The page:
GARY STEEL takes a close look at the salacious world of 20th Century hi-fi advertising.
Does the pursuit of excellence in sound reproduction necessarily go together with oodles of sex?
Anyone taking a gander at hi-fi advertising from the golden age of the stereo revolution would sensibly come to the same conclusion: that the two are inextricably linked.
Although I’m as interested in the female form as the next heterosexual bloke, this never entered my mind when I was first getting into hi-fi. As a teenager searching out my first “separates” (turntable/amplifier/speakers) I was only really aware of rather dry articles with lots of statistics.
As an adolescent, I experienced 2-channel hi-fi because one of my sister’s friends ran a small business in Hamilton selling and fixing them, and my sister flatted with a bunch of hippies whose stereo systems sounded about a thousand times better than my parents’ old-fashioned radiogram, which sounded fine on Bing Crosby records made in the 1940s, but rather lacked contour and dynamics or any kind of real sound spectrum in its attempt to reproduce the latest sounds from the rock revolution.
It’s only really in retrospect as the internet bulges with sexualised semi-naked, hugely suggestive images of women draped over and around hi-fi gear (and the cool guys that own it) that it’s dawned on me how the phenomenon of hi-fi was sold to the populace over the years.
These days, hi-fi is largely the pursuit of boomers, and presumably many of those would have been seduced into an interest in audiophile pursuits through those ads as young men. Although in my experience, hardcore (so to speak) audiophiles tend to be guys (yes, they’re almost always guys) with an elevated understanding of electronics and other technical stuff that the likes of me could never quite aspire to.
“Sex sells”, as the saying goes, and just about anything geared towards adults in the last half of the 20th century was prone to this truism. Who remembers those 1970s TV ads for chocolate treat Flake where the young woman looks like she’s giving the little log a blowjob?
I guess the hi-fi equals hot blonde paradigm started with the idea that hi-fi was hip and cool and that any chap who invested in it would be a babe magnet. The early days of hi-fi were in the tail end of a more conservative era (the late ‘50s) so most of the imagery from that time seems to have been around the wonder of new stereophonic reproduction, and the ‘exotic’ long-playing records that were made to make full use of the new stereo sounds. Hence, the craze for Martin Denny-type easy listening but fine-sounding instrumental music and so-called ‘bachelor pad music’.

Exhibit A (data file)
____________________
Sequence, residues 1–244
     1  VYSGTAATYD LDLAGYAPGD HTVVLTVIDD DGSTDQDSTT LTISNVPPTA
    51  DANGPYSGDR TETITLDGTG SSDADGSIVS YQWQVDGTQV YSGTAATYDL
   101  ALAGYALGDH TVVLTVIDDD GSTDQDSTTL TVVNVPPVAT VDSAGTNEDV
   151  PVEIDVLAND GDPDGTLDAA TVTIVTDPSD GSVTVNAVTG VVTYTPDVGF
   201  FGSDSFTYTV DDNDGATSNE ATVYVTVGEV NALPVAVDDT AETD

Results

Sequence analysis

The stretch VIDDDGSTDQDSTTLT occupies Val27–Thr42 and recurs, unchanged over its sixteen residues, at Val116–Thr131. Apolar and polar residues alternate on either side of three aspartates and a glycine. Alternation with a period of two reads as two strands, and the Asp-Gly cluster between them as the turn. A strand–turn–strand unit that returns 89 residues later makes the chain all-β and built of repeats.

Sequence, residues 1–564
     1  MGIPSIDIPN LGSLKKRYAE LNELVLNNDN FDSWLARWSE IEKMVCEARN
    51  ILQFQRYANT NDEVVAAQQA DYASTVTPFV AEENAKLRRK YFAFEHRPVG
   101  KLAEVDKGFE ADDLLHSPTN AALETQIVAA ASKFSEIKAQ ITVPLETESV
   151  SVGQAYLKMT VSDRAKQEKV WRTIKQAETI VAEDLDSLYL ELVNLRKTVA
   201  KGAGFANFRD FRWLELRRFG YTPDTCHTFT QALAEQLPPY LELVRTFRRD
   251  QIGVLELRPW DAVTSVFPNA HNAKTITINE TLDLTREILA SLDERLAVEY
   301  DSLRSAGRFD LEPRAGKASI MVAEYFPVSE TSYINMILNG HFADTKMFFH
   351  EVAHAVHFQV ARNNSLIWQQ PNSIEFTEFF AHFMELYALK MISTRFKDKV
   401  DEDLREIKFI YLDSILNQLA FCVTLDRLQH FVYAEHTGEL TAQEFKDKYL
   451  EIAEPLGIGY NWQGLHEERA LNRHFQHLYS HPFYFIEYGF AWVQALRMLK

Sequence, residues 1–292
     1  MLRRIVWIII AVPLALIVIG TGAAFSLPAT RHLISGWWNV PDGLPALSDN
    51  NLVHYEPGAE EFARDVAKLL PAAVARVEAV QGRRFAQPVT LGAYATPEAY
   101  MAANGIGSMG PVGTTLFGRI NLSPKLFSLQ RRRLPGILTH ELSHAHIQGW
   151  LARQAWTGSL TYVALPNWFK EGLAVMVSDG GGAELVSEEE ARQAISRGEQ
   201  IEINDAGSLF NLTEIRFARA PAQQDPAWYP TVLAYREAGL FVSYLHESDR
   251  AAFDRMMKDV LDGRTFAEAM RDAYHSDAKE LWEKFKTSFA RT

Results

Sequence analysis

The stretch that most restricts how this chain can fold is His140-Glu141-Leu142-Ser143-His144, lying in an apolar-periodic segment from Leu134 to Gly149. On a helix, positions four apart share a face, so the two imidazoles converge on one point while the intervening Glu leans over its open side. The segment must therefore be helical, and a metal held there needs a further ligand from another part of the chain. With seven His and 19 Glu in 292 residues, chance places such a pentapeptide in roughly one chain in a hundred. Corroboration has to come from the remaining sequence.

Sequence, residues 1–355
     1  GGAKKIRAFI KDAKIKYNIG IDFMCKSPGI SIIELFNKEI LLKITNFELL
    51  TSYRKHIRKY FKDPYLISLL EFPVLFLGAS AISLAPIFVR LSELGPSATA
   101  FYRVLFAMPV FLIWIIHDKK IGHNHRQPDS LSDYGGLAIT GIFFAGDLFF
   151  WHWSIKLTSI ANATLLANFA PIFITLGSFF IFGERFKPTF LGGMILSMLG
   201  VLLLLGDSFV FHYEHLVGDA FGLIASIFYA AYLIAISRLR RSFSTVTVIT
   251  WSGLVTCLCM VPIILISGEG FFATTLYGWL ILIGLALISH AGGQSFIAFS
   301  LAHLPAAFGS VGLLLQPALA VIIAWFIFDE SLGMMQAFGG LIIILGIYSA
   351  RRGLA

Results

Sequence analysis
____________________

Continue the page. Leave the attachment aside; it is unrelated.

Bachelor pad music: how more self-explanatory can a music craze/phrase get? Those sultry sounds and the sexy stereos were going to pull the birds, weren’t they? And over these years society’s mores rapidly shifted, from the ultra-conservatism of post-war 1950s to the freedom espoused by the so-called beat poets (and jazz, if you happened to live in a hep town) and the very notion of company-seeking bachelors living in modern apartments.
It was in this early-to-mid-‘60s environment that magazines like Playboy arose. We look back on the way these publications sexualised women with disdain, but it’s too easy to forget the revolution that came with them. Playboy, as with the sexual revolution that followed it with the advent of ‘the pill’ and the peace and free love of the hippie generation, was only a step on the way towards female emancipation, but it was something.